Because of the kind of neighbourhood I grew up in, I was indoors mostly and this moulded me into a critical thinker and made me an introvert. I didn’t play football like other boys. Even now as an adult, I can’t say I am a serious fan of any particular football club. I identify with Chelsea only because I love colour blue. My goal has always been to make my parents proud and ultimately to change their economic status. And with the way I was raised, there are certain things you will never catch me doing.

What are these things?

You can never find me smoking or drinking alcohol at all. In fact, for me, it is not about religion; it has become a part of me. I am so conscious that I just can’t imagine myself with sticks of cigarette, even if I’m the last person to judge anyone who chooses to do these things. I feel like things I cannot boldly do in front of my parents, I shouldn’t do it in secret. That’s hypocrisy, which is a major problem in this country. You see people shouting at and condemning other people doing something that they themselves enjoy doing in secret.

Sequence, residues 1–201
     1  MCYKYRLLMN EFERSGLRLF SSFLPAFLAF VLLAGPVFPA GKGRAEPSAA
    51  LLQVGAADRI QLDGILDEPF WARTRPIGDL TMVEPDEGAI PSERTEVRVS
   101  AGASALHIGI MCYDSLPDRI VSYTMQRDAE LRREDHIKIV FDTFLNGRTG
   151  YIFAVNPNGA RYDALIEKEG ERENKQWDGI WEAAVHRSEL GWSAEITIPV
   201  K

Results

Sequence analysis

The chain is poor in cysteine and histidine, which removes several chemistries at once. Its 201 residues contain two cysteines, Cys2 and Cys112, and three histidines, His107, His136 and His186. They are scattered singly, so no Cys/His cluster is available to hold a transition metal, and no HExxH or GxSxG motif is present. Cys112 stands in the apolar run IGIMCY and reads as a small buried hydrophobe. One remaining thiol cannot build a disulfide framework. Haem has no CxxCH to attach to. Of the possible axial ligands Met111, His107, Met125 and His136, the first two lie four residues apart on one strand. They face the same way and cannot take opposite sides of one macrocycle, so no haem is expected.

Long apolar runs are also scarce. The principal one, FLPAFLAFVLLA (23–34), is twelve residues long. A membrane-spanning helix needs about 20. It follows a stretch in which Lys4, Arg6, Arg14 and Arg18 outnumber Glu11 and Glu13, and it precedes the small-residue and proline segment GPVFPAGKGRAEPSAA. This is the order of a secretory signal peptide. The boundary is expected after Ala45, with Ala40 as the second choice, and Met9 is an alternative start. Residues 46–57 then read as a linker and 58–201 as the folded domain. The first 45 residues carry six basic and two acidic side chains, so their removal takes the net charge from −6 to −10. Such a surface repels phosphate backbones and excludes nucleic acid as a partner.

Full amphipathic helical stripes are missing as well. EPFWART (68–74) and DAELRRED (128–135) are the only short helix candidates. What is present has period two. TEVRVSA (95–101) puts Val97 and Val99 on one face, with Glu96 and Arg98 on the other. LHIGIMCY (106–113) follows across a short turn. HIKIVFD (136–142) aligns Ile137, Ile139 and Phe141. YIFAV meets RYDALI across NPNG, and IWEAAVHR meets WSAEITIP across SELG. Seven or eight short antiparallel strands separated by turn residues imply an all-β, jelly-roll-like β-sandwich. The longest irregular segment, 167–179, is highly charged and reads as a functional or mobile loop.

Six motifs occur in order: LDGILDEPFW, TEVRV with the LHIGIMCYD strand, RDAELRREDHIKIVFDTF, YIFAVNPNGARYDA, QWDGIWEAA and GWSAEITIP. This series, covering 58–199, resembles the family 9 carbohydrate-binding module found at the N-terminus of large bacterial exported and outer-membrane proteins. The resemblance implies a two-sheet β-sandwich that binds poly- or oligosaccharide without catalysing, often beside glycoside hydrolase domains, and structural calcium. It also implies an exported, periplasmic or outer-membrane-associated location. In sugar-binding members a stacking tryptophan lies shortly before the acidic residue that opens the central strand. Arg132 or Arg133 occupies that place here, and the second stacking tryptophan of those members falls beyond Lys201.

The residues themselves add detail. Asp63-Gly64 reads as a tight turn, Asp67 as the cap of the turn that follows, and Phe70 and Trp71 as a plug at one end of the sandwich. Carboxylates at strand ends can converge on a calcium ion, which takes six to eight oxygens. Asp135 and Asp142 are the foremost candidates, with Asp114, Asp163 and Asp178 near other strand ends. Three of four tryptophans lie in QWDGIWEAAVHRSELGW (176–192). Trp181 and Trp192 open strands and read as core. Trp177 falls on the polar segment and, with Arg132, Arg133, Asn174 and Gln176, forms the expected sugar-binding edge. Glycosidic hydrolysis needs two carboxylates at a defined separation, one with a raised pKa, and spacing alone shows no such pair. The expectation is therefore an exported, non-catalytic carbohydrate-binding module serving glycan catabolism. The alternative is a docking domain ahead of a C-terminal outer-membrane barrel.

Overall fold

You broke a 15-year record in the Department of English, University of Uyo, by making first class. How were you able to do this?

I think when I was around age 11, I started experiencing this wave of academic excellence. When I was younger, I didn’t believe in myself. I suffered low self-esteem and it was eating up my confidence. One teacher told me, when I was in JSS1, that I was a genius when she asked a seemingly difficult question which I was able to answer somehow. She was a student-teacher at the time, doing her teaching practice. She was the one who helped to boost my self-confidence. Also, one of my classmates in JSS1 boasted that I was no match for her academically; so, I worked hard, beat her and came first in the class. That also boosted my self-confidence. It was from that point that I discovered that I have an ‘excellent spirit.’